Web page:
Clark, Greg
Clarke, rh Mr. Kenneth
Clegg, Mr. Nick
Conway, Derek
Cox, Mr. Geoffrey
Crabb, Mr. Stephen
Curry, rh Mr. David
Davey, Mr. Edward
Davies, David T.C. (Monmouth)
Davies, Philip
Davis, rh David (Haltemprice and Howden)
Djanogly, Mr. Jonathan
Dodds, Mr. Nigel
Dorries, Mrs. Nadine
Duddridge, James
Duncan Smith, rh Mr. Iain
Dunne, Mr. Philip
Ellwood, Mr. Tobias
Evans, Mr. Nigel
Evennett, Mr. David
Fabricant, Michael
Fallon, Mr. Michael
Featherstone, Lynne
Field, Mr. Mark
Forth, rh Mr. Eric
Fox, Dr. Liam
Francois, Mr. Mark
Fraser, Mr. Christopher
Gale, Mr. Roger
Garnier, Mr. Edward
Gauke, Mr. David
George, Andrew
Gibb, Mr. Nick
Gidley, Sandra
Gillan, Mrs. Cheryl
Goldsworthy, Julia
Goodman, Mr. Paul
Goodwill, Mr. Robert
Gove, Michael
Gray, Mr. James
Grayling, Chris
Green, Damian
Greenway, Mr. John
Grieve, Mr. Dominic
Hague, rh Mr. William
Hammond, Mr. Philip
Hammond, Stephen
Hancock, Mr. Mike
Harper, Mr. Mark
Harris, Dr. Evan
Harvey, Nick
Hayes, Mr. John
Heald, Mr. Oliver
Hemming, John
Hendry, Charles
Herbert, Mr. Nick
Hoban, Mr. Mark
Hogg, rh Mr. Douglas
Hollobone, Mr. Philip
Holloway, Mr. Adam
Holmes, Paul
Horam, Mr. John
Horwood, Mr. Martin
Howarth, David
Howarth, Mr. Gerald
Hughes, Simon
Huhne, Chris
Hunt, Mr. Jeremy
Hurd, Mr. Nick
Jack, rh Mr. Michael
Jackson, Mr. Stewart
Jenkin, Mr. Bernard
Jones, Mr. David
Kawczynski, Daniel
Keetch, Mr. Paul
Kennedy, rh Mr. Charles
Kramer, Susan
Laing, Mrs. Eleanor
Lait, Mrs. Jacqui
Lamb, Norman
Lancaster, Mr. Mark
Laws, Mr. David
Leech, Mr. John
Letwin, rh Mr. Oliver
Lewis, Dr. Julian
Liddell-Grainger, Mr. Ian
Lidington, Mr. David
Lilley, rh Mr. Peter
Llwyd, Mr. Elfyn
Loughton, Tim
Luff, Peter
Mackay, rh Mr. Andrew
Main, Anne
Malins, Mr. Humfrey
Maples, Mr. John
Mates, rh Mr. Michael
Maude, rh Mr. Francis
May, rh Mrs. Theresa
McIntosh, Miss Anne
McLoughlin, Mr. Patrick
Mercer, Patrick
Mitchell, Mr. Andrew
Moore, Mr. Michael
Moss, Mr. Malcolm
Mulholland, Greg
Mundell, David
Murrison, Dr. Andrew
Newmark, Mr. Brooks
O'Brien, Mr. Stephen
Oaten, Mr. Mark
Osborne, Mr. George
Ottaway, Richard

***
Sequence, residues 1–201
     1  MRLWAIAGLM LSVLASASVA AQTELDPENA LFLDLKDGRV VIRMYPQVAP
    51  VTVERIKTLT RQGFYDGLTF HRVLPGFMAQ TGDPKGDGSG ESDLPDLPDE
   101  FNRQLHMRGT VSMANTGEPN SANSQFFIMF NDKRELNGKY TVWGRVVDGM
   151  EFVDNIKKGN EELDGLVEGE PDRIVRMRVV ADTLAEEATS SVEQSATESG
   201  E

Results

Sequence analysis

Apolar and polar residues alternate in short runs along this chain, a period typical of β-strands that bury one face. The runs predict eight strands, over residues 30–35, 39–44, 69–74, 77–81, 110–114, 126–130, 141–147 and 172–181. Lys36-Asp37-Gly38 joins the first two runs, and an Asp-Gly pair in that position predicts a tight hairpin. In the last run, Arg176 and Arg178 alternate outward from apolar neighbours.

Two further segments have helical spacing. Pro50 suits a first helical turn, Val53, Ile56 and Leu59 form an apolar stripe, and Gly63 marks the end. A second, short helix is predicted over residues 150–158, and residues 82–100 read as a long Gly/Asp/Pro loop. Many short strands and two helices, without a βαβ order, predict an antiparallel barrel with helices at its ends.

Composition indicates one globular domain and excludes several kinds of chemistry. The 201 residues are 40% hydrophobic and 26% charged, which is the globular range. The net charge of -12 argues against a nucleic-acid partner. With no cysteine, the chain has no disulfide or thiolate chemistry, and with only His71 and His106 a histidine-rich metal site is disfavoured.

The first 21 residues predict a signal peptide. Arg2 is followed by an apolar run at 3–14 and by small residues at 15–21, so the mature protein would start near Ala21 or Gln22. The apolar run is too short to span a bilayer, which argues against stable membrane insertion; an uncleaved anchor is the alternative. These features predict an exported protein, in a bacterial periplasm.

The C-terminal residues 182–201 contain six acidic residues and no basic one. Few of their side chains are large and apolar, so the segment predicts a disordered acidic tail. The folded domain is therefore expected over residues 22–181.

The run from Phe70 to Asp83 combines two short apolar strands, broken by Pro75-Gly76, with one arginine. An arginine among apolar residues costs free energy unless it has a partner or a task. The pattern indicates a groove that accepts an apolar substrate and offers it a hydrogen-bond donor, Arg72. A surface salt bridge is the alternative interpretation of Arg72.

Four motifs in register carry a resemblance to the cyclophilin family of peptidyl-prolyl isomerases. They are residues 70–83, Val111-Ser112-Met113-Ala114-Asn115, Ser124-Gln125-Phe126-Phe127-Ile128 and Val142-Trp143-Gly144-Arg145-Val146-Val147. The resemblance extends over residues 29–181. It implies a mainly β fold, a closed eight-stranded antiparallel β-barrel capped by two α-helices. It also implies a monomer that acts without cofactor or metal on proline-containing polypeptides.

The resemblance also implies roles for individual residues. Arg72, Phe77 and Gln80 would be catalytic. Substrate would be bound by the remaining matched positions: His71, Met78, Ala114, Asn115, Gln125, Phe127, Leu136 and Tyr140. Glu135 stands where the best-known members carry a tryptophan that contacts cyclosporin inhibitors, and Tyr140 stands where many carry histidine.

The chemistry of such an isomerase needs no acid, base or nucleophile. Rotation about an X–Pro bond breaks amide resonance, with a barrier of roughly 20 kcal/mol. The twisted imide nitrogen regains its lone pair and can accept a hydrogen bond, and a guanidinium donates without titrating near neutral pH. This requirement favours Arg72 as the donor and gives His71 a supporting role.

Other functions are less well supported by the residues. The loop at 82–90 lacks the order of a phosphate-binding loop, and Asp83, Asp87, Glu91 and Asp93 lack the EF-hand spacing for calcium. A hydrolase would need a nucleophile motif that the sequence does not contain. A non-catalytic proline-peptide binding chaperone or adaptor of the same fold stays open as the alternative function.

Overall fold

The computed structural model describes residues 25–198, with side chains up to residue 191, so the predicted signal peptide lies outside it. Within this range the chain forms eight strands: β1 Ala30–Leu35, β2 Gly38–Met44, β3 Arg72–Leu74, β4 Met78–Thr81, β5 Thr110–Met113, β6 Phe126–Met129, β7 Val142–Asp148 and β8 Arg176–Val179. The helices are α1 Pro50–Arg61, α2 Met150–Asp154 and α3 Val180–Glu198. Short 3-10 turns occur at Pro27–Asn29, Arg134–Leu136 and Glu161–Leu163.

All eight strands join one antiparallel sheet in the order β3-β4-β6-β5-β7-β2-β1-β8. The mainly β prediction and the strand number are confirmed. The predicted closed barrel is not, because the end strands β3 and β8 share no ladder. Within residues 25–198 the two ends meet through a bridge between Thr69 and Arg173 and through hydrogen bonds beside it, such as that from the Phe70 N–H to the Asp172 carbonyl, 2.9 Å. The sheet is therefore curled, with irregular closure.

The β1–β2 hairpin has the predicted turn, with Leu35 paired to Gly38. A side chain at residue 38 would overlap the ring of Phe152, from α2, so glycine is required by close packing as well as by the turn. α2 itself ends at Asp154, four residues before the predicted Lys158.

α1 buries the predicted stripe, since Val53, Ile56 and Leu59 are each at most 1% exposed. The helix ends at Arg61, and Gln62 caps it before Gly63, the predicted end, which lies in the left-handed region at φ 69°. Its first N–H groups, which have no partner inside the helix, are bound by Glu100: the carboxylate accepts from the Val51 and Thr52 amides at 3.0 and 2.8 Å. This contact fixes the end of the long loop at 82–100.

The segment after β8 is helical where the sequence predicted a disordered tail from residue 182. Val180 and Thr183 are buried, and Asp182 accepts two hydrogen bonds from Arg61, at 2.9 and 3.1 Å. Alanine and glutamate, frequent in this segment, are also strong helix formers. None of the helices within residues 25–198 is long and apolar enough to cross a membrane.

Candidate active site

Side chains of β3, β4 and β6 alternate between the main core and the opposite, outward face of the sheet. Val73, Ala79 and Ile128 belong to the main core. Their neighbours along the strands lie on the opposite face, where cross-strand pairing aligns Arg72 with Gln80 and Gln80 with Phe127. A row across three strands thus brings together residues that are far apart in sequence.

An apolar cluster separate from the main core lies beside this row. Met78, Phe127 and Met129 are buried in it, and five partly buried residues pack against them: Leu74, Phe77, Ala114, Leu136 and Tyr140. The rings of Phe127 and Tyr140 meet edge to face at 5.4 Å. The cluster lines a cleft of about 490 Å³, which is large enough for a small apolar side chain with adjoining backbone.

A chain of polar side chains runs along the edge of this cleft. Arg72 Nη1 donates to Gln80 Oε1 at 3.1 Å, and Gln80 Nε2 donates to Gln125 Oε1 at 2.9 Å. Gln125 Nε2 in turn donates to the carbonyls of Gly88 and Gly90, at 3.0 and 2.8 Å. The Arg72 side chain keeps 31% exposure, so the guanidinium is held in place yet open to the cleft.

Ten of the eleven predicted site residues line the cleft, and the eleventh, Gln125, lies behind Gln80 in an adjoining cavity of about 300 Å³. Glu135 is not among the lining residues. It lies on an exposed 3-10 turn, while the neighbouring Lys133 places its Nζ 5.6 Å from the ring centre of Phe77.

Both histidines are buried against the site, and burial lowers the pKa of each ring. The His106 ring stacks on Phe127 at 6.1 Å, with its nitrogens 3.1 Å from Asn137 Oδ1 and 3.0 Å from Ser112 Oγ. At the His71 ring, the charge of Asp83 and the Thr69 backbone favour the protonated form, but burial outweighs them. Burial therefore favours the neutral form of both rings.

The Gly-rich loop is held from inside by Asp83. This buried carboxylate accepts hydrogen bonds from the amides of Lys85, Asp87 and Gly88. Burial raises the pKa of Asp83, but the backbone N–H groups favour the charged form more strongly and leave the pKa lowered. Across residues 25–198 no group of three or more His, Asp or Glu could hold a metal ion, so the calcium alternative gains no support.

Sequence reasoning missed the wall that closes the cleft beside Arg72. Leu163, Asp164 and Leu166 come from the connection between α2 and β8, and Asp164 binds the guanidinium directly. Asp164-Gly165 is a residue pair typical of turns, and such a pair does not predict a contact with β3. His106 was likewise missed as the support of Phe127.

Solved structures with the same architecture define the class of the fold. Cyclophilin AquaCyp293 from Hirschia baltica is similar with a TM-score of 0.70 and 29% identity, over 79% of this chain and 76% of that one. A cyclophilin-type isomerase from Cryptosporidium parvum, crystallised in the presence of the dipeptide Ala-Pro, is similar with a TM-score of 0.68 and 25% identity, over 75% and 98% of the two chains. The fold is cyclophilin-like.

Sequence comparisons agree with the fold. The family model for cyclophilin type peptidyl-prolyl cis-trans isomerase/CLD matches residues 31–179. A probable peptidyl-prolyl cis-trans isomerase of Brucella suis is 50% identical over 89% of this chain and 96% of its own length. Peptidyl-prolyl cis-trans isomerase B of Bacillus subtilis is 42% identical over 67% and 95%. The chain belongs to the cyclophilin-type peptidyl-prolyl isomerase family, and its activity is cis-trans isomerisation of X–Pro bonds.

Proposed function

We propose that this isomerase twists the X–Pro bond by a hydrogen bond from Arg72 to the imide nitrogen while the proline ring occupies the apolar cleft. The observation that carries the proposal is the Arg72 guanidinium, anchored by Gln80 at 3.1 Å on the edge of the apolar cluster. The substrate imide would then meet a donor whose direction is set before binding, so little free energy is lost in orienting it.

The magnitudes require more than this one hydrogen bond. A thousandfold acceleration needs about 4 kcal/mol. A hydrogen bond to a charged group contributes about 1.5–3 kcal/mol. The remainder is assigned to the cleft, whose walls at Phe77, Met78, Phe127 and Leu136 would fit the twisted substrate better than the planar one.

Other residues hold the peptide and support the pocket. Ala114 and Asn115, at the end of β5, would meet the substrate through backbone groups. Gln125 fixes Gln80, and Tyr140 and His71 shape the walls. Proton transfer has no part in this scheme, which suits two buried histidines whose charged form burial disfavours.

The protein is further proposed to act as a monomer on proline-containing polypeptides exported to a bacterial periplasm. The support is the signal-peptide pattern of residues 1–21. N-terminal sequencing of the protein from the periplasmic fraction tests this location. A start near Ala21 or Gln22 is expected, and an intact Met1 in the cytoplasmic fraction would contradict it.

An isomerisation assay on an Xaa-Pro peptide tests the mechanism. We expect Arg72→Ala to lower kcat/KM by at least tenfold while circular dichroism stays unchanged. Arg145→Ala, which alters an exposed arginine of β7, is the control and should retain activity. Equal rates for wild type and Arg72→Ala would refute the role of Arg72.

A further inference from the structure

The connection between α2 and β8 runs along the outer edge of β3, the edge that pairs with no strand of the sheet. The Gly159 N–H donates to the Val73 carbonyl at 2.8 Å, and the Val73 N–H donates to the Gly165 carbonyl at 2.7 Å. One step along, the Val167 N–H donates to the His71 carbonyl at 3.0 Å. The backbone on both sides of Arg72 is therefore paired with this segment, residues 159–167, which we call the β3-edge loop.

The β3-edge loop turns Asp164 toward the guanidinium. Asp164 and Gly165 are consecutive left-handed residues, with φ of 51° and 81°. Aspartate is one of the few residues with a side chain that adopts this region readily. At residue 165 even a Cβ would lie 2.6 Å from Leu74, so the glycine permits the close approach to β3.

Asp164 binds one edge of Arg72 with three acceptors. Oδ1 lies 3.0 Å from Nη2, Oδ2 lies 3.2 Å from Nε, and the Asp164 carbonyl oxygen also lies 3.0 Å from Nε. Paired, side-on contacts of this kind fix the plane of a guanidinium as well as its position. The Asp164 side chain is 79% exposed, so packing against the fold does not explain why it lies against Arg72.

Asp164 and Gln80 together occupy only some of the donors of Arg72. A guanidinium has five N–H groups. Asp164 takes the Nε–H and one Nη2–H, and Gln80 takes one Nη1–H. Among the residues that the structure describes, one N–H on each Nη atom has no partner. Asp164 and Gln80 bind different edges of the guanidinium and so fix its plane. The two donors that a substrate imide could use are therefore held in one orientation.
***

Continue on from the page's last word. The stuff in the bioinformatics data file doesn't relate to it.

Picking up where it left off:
Paice, Mr. James
Pelling, Mr. Andrew
Penning, Mike
Penrose, John
Pickles, Mr. Eric
Price, Adam
Prisk, Mr. Mark
Pritchard, Mark
Redwood, rh Mr. John
Reid, Mr. Alan
Rifkind, rh Sir Malcolm
Robathan, Mr. Andrew
Robertson, Angus
Robertson, Hugh
Robertson, Mr. Laurence
Rogerson, Mr. Dan
Rosindell, Andrew
Rowen, Paul
Ruffley, Mr. David
Russell, Bob
Sanders, Mr. Adrian
Scott, Mr. Lee
Shapps, Grant
Shepherd, Mr. Richard
Simmonds, Mark
Soames, Mr. Nicholas
Spelman, Mrs. Caroline
Spicer, Sir Michael
Spink, Bob
Spring, Mr. Richard
Stanley, rh Sir John
Steen, Mr. Anthony
Streeter, Mr. Gary
Stuart, Mr. Graham
Stunell, Andrew
Swayne, Mr. Desmond
Swinson, Jo
Swire, Mr. Hugo
Syms, Mr. Robert
Tapsell, Sir Peter
Teather, Sarah
Thurso, John
Tredinnick, David
Turner, Mr. Andrew
Tyrie, Mr. Andrew
Vaizey, Mr. Edward
Viggers, Peter
Villiers, Mrs. Theresa
Walker, Mr. Charles
Wallace, Mr. Ben
Waterson, Mr. Nigel
Watkinson, Angela
Webb, Steve
Weir, Mr. Mike
Whittingdale, Mr. John
Wiggin, Bill
Willetts, Mr. David
Williams, Hywel
Williams, Mark
Williams, Mr. Roger
Williams, Stephen
Willis, Mr. Phil
Wilshire, Mr. David
Wilson, Mr. Rob
Winterton, Sir Nicholas
Wishart, Pete
Wright, Jeremy
Young, rh Sir George
Younger-Ross, Richard

Tellers for the Ayes:

Sir Robert Smith and
Danny Alexander


Abbott, Ms Diane
Ainger, Nick
Ainsworth, rh Mr. Bob
Alexander, rh Mr. Douglas
Allen, Mr. Graham
Anderson, Mr. David
Anderson, Janet
Atkins, Charlotte
Austin, Mr. Ian
Austin, John
Bailey, Mr. Adrian
Baird, Vera
Balls, Ed
Banks, Gordon
Barlow, Ms Celia
Barron, rh Mr. Kevin
Battle, rh John
Bayley, Hugh
Begg, Miss Anne
Benn, rh Hilary
Benton, Mr. Joe
Berry, Roger
Betts, Mr. Clive
Blackman, Liz
Blears, rh Hazel
Blizzard, Mr. Bob
Blunkett, rh Mr. David
Borrow, Mr. David S.
Bradshaw, Mr. Ben
Brennan, Kevin
Brown, Lyn
Brown, rh Mr. Nicholas
Browne, rh Mr. Des
Bryant, Chris
Burden, Richard
Butler, Ms Dawn
Cairns, David
Campbell, Mr. Alan
Campbell, Mr. Gregory
Campbell, Mr. Ronnie
Caton, Mr. Martin
Cawsey, Mr. Ian
Challen, Colin
Chaytor, Mr. David
Clapham, Mr. Michael
Clark, Ms Katy
Clarke, rh Mr. Charles
Clarke, rh Mr. Tom
Clelland, Mr. David
Clwyd, rh Ann
Coaker, Mr. Vernon
Coffey, Ann
Cohen, Harry
Connarty, Michael
Cook, Frank
Cook, rh Mr. Robin
Cooper, Rosie
Corbyn, Jeremy
Cousins, Jim
Crausby, Mr. David
Creagh, Mary
Cruddas, Jon
Cryer, Mrs. Ann
Cummings, John
Cunningham, Mr. Jim
Cunningham, Tony
Curtis-Thomas, Mrs. Claire
Darling, rh Mr. Alistair
Davidson, Mr. Ian
Dean, Mrs. Janet
Denham, rh Mr. John
Dhanda, Mr. Parmjit
Dismore, Mr. Andrew
Dobbin, Jim
Dobson, rh Frank